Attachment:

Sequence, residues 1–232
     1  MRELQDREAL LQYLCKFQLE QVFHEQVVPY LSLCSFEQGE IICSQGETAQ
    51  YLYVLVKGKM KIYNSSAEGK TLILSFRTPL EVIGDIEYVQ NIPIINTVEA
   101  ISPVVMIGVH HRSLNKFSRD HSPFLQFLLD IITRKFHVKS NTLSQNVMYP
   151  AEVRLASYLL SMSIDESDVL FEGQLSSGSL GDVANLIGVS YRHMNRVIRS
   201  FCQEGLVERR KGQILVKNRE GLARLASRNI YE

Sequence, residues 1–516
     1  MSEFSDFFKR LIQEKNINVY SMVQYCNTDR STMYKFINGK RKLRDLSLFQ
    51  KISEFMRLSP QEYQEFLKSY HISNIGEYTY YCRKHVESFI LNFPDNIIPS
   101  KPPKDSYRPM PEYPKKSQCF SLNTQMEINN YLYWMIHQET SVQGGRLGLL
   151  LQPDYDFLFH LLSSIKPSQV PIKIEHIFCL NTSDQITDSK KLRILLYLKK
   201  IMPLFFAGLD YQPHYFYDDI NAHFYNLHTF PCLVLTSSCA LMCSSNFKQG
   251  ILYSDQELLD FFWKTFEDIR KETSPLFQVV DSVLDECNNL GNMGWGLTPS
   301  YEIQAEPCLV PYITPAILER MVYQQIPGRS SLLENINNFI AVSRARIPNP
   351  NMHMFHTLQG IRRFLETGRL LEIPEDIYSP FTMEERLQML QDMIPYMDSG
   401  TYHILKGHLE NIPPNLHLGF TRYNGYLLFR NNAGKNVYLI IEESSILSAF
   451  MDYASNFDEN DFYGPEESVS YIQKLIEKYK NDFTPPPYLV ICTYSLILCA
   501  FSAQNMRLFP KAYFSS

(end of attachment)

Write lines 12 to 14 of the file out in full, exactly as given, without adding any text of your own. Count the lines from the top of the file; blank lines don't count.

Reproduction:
   201  IMPLFFAGLD YQPHYFYDDI NAHFYNLHTF PCLVLTSSCA LMCSSNFKQG
   251  ILYSDQELLD FFWKTFEDIR KETSPLFQVV DSVLDECNNL GNMGWGLTPS
   301  YEIQAEPCLV PYITPAILER MVYQQIPGRS SLLENINNFI AVSRARIPNP